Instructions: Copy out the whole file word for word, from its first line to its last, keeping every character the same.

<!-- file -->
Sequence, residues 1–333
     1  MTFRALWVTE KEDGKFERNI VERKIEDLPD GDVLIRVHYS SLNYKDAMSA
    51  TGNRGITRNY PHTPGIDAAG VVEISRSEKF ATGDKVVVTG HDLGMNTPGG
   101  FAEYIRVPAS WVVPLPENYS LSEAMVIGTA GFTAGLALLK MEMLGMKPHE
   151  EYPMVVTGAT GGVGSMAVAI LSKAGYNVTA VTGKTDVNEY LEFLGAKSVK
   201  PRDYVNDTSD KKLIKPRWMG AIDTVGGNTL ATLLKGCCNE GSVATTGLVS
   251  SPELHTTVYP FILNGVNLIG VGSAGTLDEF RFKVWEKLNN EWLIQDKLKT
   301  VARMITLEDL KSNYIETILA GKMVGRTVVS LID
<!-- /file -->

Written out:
Sequence, residues 1–333
     1  MTFRALWVTE KEDGKFERNI VERKIEDLPD GDVLIRVHYS SLNYKDAMSA
    51  TGNRGITRNY PHTPGIDAAG VVEISRSEKF ATGDKVVVTG HDLGMNTPGG
   101  FAEYIRVPAS WVVPLPENYS LSEAMVIGTA GFTAGLALLK MEMLGMKPHE
   151  EYPMVVTGAT GGVGSMAVAI LSKAGYNVTA VTGKTDVNEY LEFLGAKSVK
   201  PRDYVNDTSD KKLIKPRWMG AIDTVGGNTL ATLLKGCCNE GSVATTGLVS
   251  SPELHTTVYP FILNGVNLIG VGSAGTLDEF RFKVWEKLNN EWLIQDKLKT
   301  VARMITLEDL KSNYIETILA GKMVGRTVVS LID